Moll Flanders HTML version

Chapter 14
I left the officer overjoyed with his prize, and fully satisfied with what he had got, and
appointed to meet him at a house of his own directing, where I came after I had
disposed of the cargo I had about me, of which he had not the least suspicion. When I
came to him he began to capitulate with me, believing I did not understand the right I
had to a share in the prize, and would fain have put me off with #20, but I let him know
that I was not so ignorant as he supposed I was; and yet I was glad, too, that he offered
to bring me to a certainty.
I asked #100, and he rose up to #30; I fell to #80, and he rose again to #40; in a word,
he offered #50, and I consented, only demanding a piece of lace, which I though came
to about #8 or #9, as if it had been for my own wear, and he agreed to it. So I got #50 in
money paid me that same night, and made an end of the bargain; nor did he ever know
who I was, or where to inquire for me, so that if it had been discovered that part of the
goods were embezzled, he could have made no challenge upon me for it.
I very punctually divided this spoil with my governess, and I passed with her from this
time for a very dexterous manager in the nicest cases. I found that this last was the best
and easiest sort of work that was in my way, and I made it my business to inquire out
prohibited goods, and after buying some, usually betrayed them, but none of these
discoveries amounted to anything considerable, not like that I related just now; but I was
willing to act safe, and was still cautious of running the great risks which I found others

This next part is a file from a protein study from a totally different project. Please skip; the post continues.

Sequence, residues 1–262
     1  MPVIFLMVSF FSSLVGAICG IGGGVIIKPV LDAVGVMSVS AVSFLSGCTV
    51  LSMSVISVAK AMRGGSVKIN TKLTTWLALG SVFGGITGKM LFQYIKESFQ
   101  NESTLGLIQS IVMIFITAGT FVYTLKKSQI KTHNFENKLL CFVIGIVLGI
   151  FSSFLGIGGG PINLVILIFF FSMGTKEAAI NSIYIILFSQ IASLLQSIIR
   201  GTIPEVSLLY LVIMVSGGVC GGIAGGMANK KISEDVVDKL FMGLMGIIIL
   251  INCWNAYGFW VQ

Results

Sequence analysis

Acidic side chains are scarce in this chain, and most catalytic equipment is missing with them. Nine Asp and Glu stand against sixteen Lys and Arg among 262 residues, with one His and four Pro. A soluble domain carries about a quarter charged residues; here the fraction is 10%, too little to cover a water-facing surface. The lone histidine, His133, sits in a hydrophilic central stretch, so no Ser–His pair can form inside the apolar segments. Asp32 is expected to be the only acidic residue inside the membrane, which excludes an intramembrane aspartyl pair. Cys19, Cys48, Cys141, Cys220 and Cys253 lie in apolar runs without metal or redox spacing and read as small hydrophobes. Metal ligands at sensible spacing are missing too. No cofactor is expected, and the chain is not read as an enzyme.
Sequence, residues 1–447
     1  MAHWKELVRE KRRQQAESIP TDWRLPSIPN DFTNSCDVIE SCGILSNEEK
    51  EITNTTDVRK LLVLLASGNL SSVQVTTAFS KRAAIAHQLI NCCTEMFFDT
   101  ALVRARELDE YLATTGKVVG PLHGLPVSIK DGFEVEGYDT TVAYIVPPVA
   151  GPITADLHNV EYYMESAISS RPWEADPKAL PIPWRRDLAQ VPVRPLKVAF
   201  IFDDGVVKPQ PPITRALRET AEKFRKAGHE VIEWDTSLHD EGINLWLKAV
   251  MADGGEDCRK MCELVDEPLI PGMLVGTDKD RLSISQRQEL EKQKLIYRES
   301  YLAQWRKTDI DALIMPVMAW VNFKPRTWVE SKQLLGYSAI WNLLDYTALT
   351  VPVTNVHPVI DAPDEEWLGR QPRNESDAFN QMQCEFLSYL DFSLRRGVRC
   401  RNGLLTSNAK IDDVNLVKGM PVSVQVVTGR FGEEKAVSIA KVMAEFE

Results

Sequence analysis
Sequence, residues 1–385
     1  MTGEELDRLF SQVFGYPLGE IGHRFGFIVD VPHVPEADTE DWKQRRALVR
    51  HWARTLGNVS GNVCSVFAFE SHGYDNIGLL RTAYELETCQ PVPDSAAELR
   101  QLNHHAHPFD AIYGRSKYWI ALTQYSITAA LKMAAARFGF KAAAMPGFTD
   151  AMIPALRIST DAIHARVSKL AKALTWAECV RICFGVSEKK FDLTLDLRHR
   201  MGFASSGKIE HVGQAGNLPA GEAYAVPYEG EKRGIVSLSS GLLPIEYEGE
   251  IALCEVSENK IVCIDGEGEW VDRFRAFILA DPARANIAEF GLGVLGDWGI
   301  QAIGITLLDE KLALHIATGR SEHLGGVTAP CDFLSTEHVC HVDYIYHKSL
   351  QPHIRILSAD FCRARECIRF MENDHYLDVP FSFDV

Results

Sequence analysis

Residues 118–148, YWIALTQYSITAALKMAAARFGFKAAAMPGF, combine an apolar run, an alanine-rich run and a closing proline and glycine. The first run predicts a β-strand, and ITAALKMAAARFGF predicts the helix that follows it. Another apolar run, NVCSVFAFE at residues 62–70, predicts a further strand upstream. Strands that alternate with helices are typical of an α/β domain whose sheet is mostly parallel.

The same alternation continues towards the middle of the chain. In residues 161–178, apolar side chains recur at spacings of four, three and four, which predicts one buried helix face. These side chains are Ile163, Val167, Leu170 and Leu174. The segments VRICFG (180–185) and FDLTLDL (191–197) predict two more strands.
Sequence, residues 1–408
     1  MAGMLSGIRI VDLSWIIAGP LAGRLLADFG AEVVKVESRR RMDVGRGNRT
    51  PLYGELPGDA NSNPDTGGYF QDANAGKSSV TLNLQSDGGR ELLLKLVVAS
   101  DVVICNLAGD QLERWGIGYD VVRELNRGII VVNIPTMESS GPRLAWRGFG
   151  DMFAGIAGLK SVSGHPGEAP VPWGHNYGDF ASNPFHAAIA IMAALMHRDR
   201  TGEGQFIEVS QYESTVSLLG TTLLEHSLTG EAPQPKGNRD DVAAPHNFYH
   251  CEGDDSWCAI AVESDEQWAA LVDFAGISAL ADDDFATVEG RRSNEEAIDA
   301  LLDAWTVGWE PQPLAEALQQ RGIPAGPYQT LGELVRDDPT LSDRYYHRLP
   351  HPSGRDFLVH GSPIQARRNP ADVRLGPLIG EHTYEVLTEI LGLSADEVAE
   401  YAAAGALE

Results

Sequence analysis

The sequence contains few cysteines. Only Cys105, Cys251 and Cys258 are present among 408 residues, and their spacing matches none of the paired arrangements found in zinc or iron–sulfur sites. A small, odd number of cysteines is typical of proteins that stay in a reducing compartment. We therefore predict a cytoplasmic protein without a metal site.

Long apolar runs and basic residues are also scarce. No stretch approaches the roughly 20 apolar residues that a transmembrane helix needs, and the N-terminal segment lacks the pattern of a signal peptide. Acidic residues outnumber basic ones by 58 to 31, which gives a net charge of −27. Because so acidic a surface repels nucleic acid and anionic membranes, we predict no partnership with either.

did, and in which they miscarried every day.
The next thing of moment was an attempt at a gentlewoman's good watch. It happened
in a crowd, at a meeting-house, where I was in very great danger of being taken. I had
full hold of her watch, but giving a great jostle, as if somebody had thrust me against
her, and in the juncture giving the watch a fair pull, I found it would not come, so I let it
go that moment, and cried out as if I had been killed, that somebody had trod upon my
foot, and that there were certainly pickpockets there, for somebody or other had given a
pull at my watch; for you are to observe that on these adventures we always went very
well dressed, and I had very good clothes on, and a gold watch by my side, as like a
lady as other fold.
I had no sooner said so, but the other gentlewoman cried out 'A pickpocket' too, for
somebody, she said, had tried to pull her watch away.
When I touched her watch I was close to her, but when I cried out I stopped as it were
short, and the crowd bearing her forward a little, she made a noise too, but it was at
some distance from me, so that she did not in the least suspect me; but when she cried
out 'A pickpocket,' somebody cried, 'Ay, and here has been another! this gentlewoman
has been attempted too.'